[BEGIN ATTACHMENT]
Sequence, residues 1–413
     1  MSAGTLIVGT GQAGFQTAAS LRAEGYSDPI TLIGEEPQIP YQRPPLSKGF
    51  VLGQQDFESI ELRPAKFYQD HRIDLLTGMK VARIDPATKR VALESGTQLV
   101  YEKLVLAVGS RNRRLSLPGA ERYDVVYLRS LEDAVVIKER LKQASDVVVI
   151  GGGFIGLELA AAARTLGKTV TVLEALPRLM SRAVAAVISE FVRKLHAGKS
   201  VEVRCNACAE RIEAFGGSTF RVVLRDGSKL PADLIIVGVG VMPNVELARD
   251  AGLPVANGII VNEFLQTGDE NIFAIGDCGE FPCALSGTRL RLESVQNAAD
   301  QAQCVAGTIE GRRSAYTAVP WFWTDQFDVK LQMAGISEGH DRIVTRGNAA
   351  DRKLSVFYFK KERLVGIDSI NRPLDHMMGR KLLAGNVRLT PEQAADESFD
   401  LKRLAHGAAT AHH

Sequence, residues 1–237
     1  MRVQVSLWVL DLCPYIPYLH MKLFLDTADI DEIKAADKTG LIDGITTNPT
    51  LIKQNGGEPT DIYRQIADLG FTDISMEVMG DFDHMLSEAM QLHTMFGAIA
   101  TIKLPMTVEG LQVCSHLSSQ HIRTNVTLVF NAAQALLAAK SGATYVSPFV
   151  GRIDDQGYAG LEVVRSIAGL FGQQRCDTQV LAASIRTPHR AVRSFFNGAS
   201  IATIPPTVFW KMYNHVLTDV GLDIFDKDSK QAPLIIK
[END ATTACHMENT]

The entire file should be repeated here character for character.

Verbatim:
Sequence, residues 1–413
     1  MSAGTLIVGT GQAGFQTAAS LRAEGYSDPI TLIGEEPQIP YQRPPLSKGF
    51  VLGQQDFESI ELRPAKFYQD HRIDLLTGMK VARIDPATKR VALESGTQLV
   101  YEKLVLAVGS RNRRLSLPGA ERYDVVYLRS LEDAVVIKER LKQASDVVVI
   151  GGGFIGLELA AAARTLGKTV TVLEALPRLM SRAVAAVISE FVRKLHAGKS
   201  VEVRCNACAE RIEAFGGSTF RVVLRDGSKL PADLIIVGVG VMPNVELARD
   251  AGLPVANGII VNEFLQTGDE NIFAIGDCGE FPCALSGTRL RLESVQNAAD
   301  QAQCVAGTIE GRRSAYTAVP WFWTDQFDVK LQMAGISEGH DRIVTRGNAA
   351  DRKLSVFYFK KERLVGIDSI NRPLDHMMGR KLLAGNVRLT PEQAADESFD
   401  LKRLAHGAAT AHH

Sequence, residues 1–237
     1  MRVQVSLWVL DLCPYIPYLH MKLFLDTADI DEIKAADKTG LIDGITTNPT
    51  LIKQNGGEPT DIYRQIADLG FTDISMEVMG DFDHMLSEAM QLHTMFGAIA
   101  TIKLPMTVEG LQVCSHLSSQ HIRTNVTLVF NAAQALLAAK SGATYVSPFV
   151  GRIDDQGYAG LEVVRSIAGL FGQQRCDTQV LAASIRTPHR AVRSFFNGAS
   201  IATIPPTVFW KMYNHVLTDV GLDIFDKDSK QAPLIIK